from the Rutland Daily Herald, June 20, 1933:
"This is my last Memorial Day. I want to be present at the exercises," Addison H. Cutting of Pearl street, 87, Civil war veteran, told members of his family as he left home for the services on May 30. It was his last call to colors. He died at his home at 12:30 o'clock yesterday afternoon after a week's illness.
The tall, straight, white-haired veteran of the rebellion, who, for more than a quarter of a century, took a prominent part in the Grand Army services for departed comrades, will be buried with military honors in Evergreen cemetery Thursday afternoon. There are now only two surviving G.A.R. men in Rutland.
Funeral services for Mr. Cutting will be held at his home at 2:30 o'clock Thursday afternoon.
Private Cutting enlisted on April 18, 1864 with Company D, 19th United States Infantry regiment. On July 28, 1865 he was discharged at Lookout Mountain, Tenn., by reason of a surgeon's certificate of disability, showing that he had been seriously wounded in action. He served under Capt. Thomas Cummings.
Addison H. Cutting was born in Alstead, N.H. on August 26, 1845, the son of Mr. and Mrs. James Cutting. He attended the Alstead public schools. It was in that town that he learned the stone mason's trade, which he followed until his retirement about 22 years ago. He came to Rutland about 29 years ago.
The veteran is survived by three sons, Walter J. and Addison H., jr., both of this city, and Charles H., of Hayward, Cal.; four daughters, Mrs. Mabel S. Davis of Fair Haven, Mrs. Daisy M. White of Albany, N.Y., and Mrs. Luella M. Martin and Mrs. Leona B. Parsons, both of Rutland; also 21 grandchildren and 10 great-grandchildren.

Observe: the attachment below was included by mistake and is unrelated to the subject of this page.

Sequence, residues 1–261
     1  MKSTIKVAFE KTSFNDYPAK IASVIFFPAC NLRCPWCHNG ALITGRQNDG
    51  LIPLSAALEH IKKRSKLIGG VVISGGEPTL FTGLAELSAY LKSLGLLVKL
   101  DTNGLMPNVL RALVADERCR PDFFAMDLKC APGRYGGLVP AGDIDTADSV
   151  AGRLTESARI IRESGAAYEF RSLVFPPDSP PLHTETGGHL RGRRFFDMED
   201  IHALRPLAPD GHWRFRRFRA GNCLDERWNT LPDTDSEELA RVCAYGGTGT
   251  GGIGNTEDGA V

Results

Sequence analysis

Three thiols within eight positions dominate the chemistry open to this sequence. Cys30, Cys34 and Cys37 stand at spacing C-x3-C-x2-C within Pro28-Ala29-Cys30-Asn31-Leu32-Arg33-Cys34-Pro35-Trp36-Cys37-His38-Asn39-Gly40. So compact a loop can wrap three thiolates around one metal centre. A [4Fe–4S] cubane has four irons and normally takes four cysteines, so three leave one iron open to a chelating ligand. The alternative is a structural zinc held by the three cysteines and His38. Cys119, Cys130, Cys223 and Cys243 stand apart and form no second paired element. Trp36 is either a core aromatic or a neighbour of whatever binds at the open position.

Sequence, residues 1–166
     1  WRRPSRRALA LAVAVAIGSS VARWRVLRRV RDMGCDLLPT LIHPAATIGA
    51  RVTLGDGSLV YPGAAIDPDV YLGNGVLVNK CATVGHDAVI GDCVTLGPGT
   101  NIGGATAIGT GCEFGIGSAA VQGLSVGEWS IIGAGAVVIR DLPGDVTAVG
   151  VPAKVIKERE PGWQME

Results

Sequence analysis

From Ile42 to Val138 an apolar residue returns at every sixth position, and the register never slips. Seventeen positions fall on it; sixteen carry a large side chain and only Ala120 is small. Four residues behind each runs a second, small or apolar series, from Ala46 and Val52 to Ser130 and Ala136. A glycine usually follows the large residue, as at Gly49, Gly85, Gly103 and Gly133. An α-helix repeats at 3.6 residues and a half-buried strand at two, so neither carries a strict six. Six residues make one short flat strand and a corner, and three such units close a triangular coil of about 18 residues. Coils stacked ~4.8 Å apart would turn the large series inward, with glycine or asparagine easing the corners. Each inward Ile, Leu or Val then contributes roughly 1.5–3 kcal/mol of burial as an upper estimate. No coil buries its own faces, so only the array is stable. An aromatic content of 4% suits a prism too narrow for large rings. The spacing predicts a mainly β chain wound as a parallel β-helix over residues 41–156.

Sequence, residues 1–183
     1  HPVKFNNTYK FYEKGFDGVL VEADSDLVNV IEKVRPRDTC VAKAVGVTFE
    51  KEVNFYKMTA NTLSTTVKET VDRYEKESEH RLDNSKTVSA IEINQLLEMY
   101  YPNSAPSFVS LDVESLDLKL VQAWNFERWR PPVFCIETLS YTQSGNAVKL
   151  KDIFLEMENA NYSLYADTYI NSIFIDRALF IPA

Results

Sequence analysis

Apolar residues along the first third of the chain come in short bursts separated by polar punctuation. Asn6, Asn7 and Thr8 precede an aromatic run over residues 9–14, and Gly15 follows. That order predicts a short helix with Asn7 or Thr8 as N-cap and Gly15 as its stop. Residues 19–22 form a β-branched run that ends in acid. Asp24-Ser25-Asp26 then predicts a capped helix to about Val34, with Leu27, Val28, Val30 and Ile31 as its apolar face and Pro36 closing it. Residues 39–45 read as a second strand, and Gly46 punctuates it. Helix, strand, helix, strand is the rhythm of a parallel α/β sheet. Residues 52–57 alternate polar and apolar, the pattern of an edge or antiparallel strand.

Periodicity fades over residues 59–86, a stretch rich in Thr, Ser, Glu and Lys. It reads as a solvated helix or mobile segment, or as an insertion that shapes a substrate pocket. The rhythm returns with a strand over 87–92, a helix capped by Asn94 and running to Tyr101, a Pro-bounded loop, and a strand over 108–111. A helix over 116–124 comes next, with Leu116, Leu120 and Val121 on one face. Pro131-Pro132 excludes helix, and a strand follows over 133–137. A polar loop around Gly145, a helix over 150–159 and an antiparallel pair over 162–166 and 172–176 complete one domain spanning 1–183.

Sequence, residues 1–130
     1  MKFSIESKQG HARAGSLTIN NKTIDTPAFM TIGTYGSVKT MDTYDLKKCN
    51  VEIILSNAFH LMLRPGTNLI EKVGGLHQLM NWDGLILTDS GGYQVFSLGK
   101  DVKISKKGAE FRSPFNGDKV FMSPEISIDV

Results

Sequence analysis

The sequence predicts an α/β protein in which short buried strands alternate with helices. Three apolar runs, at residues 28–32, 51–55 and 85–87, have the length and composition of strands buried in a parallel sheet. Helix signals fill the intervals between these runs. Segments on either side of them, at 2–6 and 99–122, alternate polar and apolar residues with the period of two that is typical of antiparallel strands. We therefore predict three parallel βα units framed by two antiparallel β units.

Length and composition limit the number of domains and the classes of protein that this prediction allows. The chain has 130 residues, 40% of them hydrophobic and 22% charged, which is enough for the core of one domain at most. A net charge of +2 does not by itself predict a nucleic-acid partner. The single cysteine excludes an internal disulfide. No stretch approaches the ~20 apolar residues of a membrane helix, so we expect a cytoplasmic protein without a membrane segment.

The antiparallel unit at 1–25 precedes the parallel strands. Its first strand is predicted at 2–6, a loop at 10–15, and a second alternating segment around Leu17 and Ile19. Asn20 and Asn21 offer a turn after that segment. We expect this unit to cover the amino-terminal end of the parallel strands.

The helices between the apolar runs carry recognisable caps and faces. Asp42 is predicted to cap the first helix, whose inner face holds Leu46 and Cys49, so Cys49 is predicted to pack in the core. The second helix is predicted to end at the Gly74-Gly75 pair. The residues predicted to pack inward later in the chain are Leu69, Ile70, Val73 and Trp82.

In addition to being an active Grand Army man, he was an honorary member of Rutland lodge of Elks.
Photo & story from the Rutland Daily Herald, June 1, 1930:
Two Survivors of '61 Still Active
Charles Young and A.H. Cutting Pay Tribute to Dead Comrades
With Memorial Day over, members of local patriotic societies emphasized the fact yesterday that only two survivors of the Civil war had been able to attend exercises here in the city as a mark of respect for their dead comrades.
These two veterans of 1861, Charles Young, 85, of 90 South street, and Addison H. Cutting, 87, of 189 Pearl street are, with one exception, the only members of Roberts post, G.A.R., now living in this city. The roster once numbered more than 300.
Comrades Young and Cutting rode in the Memorial Day parade Tuesday and occupied seats on the stage at the armory during the exercises. Not for many years has either missed a Memorial Day parade or other important patriotic demonstration here.
There is a third member of the post, Alonzo Levins of West street, a private in Company H, Sixth Vermont Volunteer regiment of the Civil war, who was unable to attend the exercises Tuesday.
Charles Young, who served as musician in Company A, 17th Vermont Volunteer regiment, has the distinction of being the youngest Civil war veteran now living in Vermont. Music occupied his attention for many years after the war and he was one of the early members of the Rutland City band, playing the kettle drum in the organization. Young was in the employ of the Howe Scale company for a long period. He is now Roberts post commander.
Addison Cutting, a survivor of Company D, 19th United States infantry, in which he served as a private, has been a resident of this city for many years.
Roberts post has on its roll of past commanders the names of many men who were prominent citizens of Rutland. Among these were Gen. W.Y.W. Ripley, Gen. E.H. Ripley, Wheelock G. Veazey, Joel C. Baker, Levi G. Kingsley, D. L. Morgan, George F. Brown, George W. Kenney, Walter C. Landon, William Cronan, Harley G. Sheldon, Henry W. Spafford and John A. Sheldon.
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